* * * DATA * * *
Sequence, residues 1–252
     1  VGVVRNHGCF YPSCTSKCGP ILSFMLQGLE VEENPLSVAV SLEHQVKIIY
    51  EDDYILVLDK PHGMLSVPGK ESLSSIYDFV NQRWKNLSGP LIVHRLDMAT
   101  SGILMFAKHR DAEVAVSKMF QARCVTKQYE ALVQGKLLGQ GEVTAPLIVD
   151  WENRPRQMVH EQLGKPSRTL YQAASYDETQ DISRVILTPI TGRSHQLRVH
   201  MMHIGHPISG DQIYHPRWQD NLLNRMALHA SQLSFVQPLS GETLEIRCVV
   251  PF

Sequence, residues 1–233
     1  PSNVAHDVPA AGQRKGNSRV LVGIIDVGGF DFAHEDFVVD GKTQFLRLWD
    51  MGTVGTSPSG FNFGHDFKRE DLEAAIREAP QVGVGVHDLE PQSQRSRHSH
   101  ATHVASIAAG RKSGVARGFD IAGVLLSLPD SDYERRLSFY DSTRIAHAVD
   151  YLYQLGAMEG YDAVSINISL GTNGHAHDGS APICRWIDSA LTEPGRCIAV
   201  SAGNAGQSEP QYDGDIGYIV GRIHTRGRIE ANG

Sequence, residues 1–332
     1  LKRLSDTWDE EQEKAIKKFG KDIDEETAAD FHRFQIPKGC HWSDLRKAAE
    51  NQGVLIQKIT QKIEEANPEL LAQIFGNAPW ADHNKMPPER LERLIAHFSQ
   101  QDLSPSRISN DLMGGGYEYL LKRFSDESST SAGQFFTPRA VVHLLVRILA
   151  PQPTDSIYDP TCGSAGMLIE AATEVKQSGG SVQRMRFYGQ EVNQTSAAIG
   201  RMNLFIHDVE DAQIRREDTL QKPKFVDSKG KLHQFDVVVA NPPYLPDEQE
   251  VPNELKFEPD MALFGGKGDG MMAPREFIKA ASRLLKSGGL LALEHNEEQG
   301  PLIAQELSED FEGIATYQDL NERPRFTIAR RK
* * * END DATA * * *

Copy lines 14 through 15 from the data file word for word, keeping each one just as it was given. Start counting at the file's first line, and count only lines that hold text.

Sequence, residues 1–332
     1  LKRLSDTWDE EQEKAIKKFG KDIDEETAAD FHRFQIPKGC HWSDLRKAAE